He said they should become more innovative to make impact on the nation’s socio-economic growth.
He said this in an address read for him at the fourth congregation of the college at Kenyase in the Kwabre East District.
“Building the next generation of innovators” was the theme.
In all, 480 students graduated after completing programmes in nursing, business and information communication technology (ICT).
Prof Sobotie said the focus should now be on learning outcomes – not just what students should know but what they could do with their knowledge and skills.
He urged tertiary institutions to restructure their curricula and adopt new approaches to teaching and learning techniques that would help their products to become competitive in the job market.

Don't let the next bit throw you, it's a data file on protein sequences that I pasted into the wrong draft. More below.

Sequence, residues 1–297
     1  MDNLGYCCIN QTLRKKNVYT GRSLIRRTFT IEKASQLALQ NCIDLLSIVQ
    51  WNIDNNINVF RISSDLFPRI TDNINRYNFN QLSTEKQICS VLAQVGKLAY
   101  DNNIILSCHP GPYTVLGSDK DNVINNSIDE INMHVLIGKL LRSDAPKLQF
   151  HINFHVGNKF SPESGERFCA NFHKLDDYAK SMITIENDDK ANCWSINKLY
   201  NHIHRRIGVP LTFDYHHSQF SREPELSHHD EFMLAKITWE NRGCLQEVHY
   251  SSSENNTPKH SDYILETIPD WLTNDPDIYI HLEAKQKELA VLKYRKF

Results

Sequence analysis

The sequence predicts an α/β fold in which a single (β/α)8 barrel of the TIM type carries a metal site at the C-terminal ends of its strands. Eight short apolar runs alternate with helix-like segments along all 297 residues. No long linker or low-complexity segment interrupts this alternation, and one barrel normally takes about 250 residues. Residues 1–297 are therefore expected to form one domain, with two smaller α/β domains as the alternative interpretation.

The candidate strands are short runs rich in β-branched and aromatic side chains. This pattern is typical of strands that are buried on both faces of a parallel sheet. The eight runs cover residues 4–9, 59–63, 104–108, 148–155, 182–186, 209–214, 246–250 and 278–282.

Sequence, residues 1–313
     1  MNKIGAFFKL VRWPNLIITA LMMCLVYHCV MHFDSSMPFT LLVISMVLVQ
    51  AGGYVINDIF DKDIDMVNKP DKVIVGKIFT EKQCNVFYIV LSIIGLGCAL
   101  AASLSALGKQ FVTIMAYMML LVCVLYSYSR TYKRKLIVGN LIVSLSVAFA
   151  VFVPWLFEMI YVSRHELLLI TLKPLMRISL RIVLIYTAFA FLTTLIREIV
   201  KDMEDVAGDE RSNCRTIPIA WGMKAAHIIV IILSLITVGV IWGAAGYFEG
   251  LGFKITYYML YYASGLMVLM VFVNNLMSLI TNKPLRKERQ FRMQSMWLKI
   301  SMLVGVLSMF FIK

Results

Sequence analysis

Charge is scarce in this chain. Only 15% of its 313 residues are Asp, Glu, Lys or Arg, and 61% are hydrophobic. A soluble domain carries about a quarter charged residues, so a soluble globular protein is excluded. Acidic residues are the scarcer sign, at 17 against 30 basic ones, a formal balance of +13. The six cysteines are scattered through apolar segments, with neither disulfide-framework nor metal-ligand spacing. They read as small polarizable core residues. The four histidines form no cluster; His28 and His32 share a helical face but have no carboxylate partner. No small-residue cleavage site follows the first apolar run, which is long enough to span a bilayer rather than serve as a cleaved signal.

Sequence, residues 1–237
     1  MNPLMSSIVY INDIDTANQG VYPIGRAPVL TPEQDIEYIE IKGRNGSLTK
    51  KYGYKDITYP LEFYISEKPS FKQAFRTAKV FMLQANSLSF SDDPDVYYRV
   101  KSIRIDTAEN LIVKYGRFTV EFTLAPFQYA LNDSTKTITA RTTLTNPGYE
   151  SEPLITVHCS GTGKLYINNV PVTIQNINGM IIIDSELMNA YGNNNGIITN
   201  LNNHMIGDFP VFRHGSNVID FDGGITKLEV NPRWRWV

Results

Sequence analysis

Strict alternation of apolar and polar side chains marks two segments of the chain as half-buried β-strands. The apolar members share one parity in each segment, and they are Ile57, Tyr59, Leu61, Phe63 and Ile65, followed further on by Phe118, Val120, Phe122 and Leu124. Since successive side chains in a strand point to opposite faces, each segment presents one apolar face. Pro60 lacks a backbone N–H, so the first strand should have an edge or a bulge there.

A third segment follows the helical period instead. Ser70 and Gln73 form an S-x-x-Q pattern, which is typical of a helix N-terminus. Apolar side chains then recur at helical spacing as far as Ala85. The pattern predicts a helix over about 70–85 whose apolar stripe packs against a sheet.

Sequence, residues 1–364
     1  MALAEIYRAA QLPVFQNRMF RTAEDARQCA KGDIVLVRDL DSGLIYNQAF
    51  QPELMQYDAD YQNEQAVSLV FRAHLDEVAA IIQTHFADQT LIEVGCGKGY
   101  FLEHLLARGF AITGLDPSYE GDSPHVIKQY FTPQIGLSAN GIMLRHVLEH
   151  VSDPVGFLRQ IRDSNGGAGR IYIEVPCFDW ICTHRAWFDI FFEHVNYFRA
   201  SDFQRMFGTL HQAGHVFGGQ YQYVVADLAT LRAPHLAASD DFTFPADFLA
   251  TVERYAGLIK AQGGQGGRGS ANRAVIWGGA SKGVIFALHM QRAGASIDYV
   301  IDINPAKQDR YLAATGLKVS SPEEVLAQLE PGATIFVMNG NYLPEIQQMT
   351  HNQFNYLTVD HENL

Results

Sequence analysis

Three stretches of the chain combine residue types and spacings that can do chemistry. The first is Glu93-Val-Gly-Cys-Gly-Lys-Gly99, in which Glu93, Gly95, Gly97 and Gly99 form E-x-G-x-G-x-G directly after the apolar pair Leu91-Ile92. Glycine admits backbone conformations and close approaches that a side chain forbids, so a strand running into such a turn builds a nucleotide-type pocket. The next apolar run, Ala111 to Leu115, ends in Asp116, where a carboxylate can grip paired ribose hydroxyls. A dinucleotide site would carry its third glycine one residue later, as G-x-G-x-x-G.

This calls for greater cooperation and partnership between the academia and industry.
That he said, would help to tackle the mismatch between the “skills needed on the job market and the skills possessed by the job seeker”.
He also underlined the need to make the environment academic friendly.
Prof William Otto Ellis, Vice-Chancellor of the Kwame Nkrumah University of Science and technology (KNUST), said he would deepen and strengthen the affiliation of the two universities.
He appealed to the graduating students to demonstrate qualities of hard work, discipline and integrity at in their workplaces to improve productivity.